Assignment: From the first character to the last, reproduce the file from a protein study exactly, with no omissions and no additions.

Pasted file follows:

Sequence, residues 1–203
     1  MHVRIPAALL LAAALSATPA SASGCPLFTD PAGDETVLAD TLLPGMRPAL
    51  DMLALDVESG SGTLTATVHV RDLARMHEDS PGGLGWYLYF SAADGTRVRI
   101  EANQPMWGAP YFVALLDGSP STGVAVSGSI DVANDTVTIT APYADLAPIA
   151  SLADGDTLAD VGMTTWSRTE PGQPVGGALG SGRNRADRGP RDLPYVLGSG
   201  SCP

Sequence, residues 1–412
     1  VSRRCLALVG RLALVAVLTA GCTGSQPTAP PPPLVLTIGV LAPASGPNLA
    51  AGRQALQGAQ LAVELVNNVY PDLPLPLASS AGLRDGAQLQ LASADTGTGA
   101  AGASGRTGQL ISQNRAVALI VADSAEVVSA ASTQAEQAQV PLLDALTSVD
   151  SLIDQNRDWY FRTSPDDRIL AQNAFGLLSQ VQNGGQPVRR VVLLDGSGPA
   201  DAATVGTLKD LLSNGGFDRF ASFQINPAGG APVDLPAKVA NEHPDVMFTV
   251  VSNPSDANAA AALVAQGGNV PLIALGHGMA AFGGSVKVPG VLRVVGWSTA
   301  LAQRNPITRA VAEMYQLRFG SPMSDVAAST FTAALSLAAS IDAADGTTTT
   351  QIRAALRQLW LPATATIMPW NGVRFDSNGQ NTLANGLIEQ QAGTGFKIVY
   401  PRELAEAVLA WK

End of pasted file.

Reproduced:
Sequence, residues 1–203
     1  MHVRIPAALL LAAALSATPA SASGCPLFTD PAGDETVLAD TLLPGMRPAL
    51  DMLALDVESG SGTLTATVHV RDLARMHEDS PGGLGWYLYF SAADGTRVRI
   101  EANQPMWGAP YFVALLDGSP STGVAVSGSI DVANDTVTIT APYADLAPIA
   151  SLADGDTLAD VGMTTWSRTE PGQPVGGALG SGRNRADRGP RDLPYVLGSG
   201  SCP

Sequence, residues 1–412
     1  VSRRCLALVG RLALVAVLTA GCTGSQPTAP PPPLVLTIGV LAPASGPNLA
    51  AGRQALQGAQ LAVELVNNVY PDLPLPLASS AGLRDGAQLQ LASADTGTGA
   101  AGASGRTGQL ISQNRAVALI VADSAEVVSA ASTQAEQAQV PLLDALTSVD
   151  SLIDQNRDWY FRTSPDDRIL AQNAFGLLSQ VQNGGQPVRR VVLLDGSGPA
   201  DAATVGTLKD LLSNGGFDRF ASFQINPAGG APVDLPAKVA NEHPDVMFTV
   251  VSNPSDANAA AALVAQGGNV PLIALGHGMA AFGGSVKVPG VLRVVGWSTA
   301  LAQRNPITRA VAEMYQLRFG SPMSDVAAST FTAALSLAAS IDAADGTTTT
   351  QIRAALRQLW LPATATIMPW NGVRFDSNGQ NTLANGLIEQ QAGTGFKIVY
   401  PRELAEAVLA WK